My interview with Gary Chin, Principal of Greenwich Community College, is the third in a series which forms part of NIACE’s activity for Black History Month 2012.
What do you do outside of your role as Principal of Greenwich Community College?
I am an active member of the Network for Black Professionals and I mentor at least two aspiring managers each year who want to move up the management ladder in further education (FE). I have mentored about 15 people and most have been successful in securing the position of Heads of Department. I also volunteer my services to help out BME staff.
What does the mentoring involve?
It lasts around six months, sometimes longer. I see mentee’s once every month depending on our availability and mentor them to achieve their goals. Nine to ten years ago, most of the mentee’s were middle managers and they often wanted to become Heads of Department – that is what I did in the early days of mentoring.
Now I’m helping mentee’s who are trying to join middle management by helping them address and develop the skills needed to be able to apply for those positions. Some mentee’s require additional support and we continue with the informal mentoring, and others get what they need and they are quickly on the road to success and achieving their goals.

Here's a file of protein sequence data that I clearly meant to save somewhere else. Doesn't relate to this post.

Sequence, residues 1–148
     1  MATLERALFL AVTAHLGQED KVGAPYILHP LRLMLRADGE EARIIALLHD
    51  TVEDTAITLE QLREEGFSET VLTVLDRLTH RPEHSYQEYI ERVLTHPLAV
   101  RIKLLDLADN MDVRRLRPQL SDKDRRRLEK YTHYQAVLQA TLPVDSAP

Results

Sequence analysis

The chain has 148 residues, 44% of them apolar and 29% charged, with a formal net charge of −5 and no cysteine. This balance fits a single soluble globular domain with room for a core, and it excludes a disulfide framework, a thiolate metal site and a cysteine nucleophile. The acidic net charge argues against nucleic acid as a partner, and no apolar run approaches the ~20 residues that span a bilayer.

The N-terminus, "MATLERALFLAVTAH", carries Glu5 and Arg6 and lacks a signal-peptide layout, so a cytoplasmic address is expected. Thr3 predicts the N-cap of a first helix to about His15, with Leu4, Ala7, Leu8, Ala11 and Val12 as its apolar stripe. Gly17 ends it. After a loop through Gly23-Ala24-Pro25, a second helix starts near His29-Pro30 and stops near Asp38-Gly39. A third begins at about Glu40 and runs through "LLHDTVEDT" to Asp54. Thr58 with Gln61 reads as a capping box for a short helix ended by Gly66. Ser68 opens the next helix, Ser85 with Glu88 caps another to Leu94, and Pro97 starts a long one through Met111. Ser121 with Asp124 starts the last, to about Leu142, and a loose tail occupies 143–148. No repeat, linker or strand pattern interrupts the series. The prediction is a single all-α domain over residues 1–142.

How did you get into education?
Having worked in education for many years, my role was more than just teaching, I also had involvement in the developing of the curriculum. I got inspired by the difference you can make to people’s lives through education. I see myself as a product of FE.
Having attended courses at FE colleges where I have experienced some examples of both really poor and really good FE teaching and learning, I felt that I could actually give something back to the sector to improve other’s learning experiences. I had an experience that I could share.
What kind of barriers did you face and how did you overcome them?
My biggest barrier was at school in the 1970’s – where I went to a predominately white boys’ school due to the profile of the population at that time. The teachers had this pre-determined perception about black students – their destiny lay in being a sportsman. So they would actively encourage young Black and Minority Ethnic (BME) boys to join the basketball, football or athletics teams. They did not see BME boys as anyone who could hold a key position in industry or commerce – that to me was the biggest barrier.
My mother being a Jamaican was a firm believer in education being the key to opening all doors, no matter how thick or heavy the door was – she was absolutely right.
She actually changed my destiny – she removed me from all of the sporting activities and this gave me more time to concentrate on my academic learning. That was the turning point in me seeing and valuing the importance of education to my future job prospects.
With significant strides in race equality over the last 30 years, what do you think the barriers are today for Black, Asian and Minority Ethnic (BAME) learners and how do they differ from those experienced 30 years ago?
I don’t think things have changed – what has changed is the legislation outlawing overt discrimination. In my day we had ‘sus’ laws and now you have ‘stop and search’, but the big difference is you have legislation which protects you against racial discrimination.